[SLIDE 2] A year ago, CDRH initiated an expedited review policy for life-saving and clinically significant devices. We did this so that important breakthroughs would not languish amid the "me-too" devices. We've had 20 expedited submissions thus far -- including leads for pacemaker-defibrillators that can spare patients from having to go through chest surgery in order to have these devices implanted.

We also shifted resources to those 510(k) submissions needing the most intensive review, in what we call the "tier system." This means that the most complex and risky devices get intensive scrutiny, while the lowest risk devices get less attention.

And we began a "refuse to accept" policy for incomplete 510(k) submissions. This means that we're simply not wasting time on inadequate applications. It also means that the good ones no longer have to wait in line behind the poor ones.

We've also taken steps to improve our communication with the industry. We want you to understand what we expect, so you're better equipped to submit a quality application. For example, we've disseminated new guidance on what constitutes an acceptable clinical study, in terms of statistical design and methodology. And we're working with advisory panels to develop guidelines for specific types of products.

We're finalizing guidance on a long-standing point of confusion for manufacturers -- how to determine whether a particular change in a marketed device is significant enough to require a new 510(k)s. We know how important that guidance is to the Industry.

We're also developing special new tools to communicate with industry. Electronic dockets now provide wide-scale access to our policy documents and guidance, and a new computerized system allows manufacturers to find out where their 510(k) stands in the review queue, by fax. And we've embarked on a series of quarterly video teleconferences for the device industry, with literally thousands of participants from coast to coast.

We've made more recent improvements, as you can see from this slide

[SLIDE 3] This fiscal year, we transferred some of the device review workload to our laboratory staff as a temporary expedient while we recruited some additional reviewers.

And we're now proposing to exempt the lowest-risk devices from the 510(k)s process, which will result in 10 percent fewer applications. Later this year, we will be proposing further exemptions for low-risk products, which should result in an additional 10 percent reduction in applications.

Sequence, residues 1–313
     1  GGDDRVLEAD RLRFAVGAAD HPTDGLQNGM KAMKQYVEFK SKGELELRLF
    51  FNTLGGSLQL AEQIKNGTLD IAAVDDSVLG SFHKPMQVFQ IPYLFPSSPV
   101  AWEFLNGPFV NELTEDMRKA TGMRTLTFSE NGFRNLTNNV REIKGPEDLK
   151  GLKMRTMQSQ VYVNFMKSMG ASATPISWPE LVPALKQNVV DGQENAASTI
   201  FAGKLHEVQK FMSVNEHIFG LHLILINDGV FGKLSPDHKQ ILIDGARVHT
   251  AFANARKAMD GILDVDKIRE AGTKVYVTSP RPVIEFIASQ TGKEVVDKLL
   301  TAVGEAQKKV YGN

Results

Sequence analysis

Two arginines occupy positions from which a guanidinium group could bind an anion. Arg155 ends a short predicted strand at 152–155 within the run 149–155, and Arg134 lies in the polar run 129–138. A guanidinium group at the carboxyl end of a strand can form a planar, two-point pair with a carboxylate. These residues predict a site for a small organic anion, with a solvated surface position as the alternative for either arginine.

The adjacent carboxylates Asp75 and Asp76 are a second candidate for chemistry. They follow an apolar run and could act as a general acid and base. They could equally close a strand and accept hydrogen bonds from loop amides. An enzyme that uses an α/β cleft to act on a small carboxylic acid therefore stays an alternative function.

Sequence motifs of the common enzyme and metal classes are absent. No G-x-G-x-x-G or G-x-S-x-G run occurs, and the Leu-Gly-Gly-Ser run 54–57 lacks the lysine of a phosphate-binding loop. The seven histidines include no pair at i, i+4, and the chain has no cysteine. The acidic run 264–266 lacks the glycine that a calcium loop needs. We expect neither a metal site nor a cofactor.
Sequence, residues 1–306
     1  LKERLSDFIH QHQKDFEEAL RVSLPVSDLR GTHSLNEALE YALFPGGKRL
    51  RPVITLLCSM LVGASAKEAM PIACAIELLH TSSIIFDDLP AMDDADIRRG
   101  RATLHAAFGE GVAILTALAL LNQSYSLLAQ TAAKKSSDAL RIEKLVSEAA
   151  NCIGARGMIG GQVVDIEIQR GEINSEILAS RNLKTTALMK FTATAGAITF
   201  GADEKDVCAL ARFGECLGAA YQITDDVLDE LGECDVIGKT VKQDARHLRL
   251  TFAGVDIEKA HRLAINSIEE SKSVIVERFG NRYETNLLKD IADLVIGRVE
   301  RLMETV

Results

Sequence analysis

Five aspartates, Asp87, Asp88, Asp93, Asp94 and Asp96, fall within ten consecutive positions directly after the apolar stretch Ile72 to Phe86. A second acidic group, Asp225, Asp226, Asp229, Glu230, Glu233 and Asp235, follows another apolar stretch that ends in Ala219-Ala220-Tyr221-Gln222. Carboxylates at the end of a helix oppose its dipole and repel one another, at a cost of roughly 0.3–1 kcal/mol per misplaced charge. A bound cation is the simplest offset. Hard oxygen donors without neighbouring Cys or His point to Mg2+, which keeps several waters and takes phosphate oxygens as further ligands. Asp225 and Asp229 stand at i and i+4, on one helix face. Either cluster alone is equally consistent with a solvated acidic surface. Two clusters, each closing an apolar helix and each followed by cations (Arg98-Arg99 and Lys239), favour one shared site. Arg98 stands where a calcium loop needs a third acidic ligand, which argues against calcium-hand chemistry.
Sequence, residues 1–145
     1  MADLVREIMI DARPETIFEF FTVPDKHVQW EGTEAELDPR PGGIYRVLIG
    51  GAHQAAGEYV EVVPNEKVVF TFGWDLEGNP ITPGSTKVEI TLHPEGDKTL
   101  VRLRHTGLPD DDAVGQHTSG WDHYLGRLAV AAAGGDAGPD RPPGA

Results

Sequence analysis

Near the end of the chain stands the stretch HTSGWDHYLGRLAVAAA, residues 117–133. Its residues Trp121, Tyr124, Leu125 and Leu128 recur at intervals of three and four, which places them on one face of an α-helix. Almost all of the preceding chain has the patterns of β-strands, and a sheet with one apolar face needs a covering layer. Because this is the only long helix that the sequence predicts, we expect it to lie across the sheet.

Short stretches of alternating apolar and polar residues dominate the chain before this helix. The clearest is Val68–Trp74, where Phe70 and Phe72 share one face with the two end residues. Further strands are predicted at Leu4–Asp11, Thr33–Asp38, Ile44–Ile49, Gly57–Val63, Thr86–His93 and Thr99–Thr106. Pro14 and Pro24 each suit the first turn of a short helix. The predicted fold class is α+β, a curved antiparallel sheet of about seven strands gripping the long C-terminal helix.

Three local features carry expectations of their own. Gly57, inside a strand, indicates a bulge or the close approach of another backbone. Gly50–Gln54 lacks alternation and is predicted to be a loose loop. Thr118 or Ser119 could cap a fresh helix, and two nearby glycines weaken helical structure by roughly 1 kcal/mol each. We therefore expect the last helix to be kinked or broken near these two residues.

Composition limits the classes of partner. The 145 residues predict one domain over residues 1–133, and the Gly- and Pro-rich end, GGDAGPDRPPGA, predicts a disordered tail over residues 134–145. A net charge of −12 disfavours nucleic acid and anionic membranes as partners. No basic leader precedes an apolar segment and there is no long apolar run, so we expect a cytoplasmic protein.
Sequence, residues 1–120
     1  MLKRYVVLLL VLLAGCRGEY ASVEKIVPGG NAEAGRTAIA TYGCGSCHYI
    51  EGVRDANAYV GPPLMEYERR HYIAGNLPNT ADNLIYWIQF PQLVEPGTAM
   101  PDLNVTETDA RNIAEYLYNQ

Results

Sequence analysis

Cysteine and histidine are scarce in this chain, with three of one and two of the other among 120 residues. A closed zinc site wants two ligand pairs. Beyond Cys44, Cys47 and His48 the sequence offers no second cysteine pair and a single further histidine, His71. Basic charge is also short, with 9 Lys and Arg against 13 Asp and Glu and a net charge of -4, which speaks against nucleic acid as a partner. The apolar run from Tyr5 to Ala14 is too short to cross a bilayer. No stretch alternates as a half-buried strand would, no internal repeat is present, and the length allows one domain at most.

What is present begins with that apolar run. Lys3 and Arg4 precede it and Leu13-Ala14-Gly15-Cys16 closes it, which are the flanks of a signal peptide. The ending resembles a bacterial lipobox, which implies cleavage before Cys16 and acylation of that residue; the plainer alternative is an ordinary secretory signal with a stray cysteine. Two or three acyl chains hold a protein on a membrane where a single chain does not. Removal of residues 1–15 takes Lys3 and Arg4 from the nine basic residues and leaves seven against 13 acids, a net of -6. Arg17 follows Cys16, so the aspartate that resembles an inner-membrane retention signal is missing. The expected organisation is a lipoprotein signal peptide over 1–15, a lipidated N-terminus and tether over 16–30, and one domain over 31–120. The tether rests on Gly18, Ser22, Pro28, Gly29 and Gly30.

Taking these steps has made a difference.

[SLIDE 4] For example, we processed about 400 510(k) submissions per month from mid-1991 to mid-1993. But in June 1993, following implementation of the management initiatives I just discussed, the number of 510(k)s processed rose from 400 per month to 600 per month.

I cannot stand here, however, and tell you that these gains are sustainable over the long term. The reduction in the backlog of 510(k)s was achieved at the expense of other types of submissions. For example, actions on PMAs remained static and actions on PMA supplements have actually gone down.

In fact, we anticipate that without fundamental changes, we will begin losing ground again before long. This is illustrated in the next slide.

[SLIDE 5] The shaded area on the left shows our inventory of 510(k) submissions from 1990 through the present. Notice that the inventory peaked in September 1993. Then, as a result of our management initiatives and a modest increase in staff, it began to come down. So, at least for now, we've turned the corner on the mounting 510(k)s backlog.

But now notice the right side of the chart. The solid line shows that we will make some further gains over the next two years. But by 1997, the inventory of pending 510(k)s will start to rise again -- because of the rapid growth of the industry and its burgeoning technology.

This means that despite our management improvements, and despite our temporary reshuffling of resources, and despite a budget increase this past year, our basic problem remains the same. We simply cannot carry out an effective, timely and well- balanced program of evaluating new devices unless we achieve a better balance between our workload and our resources.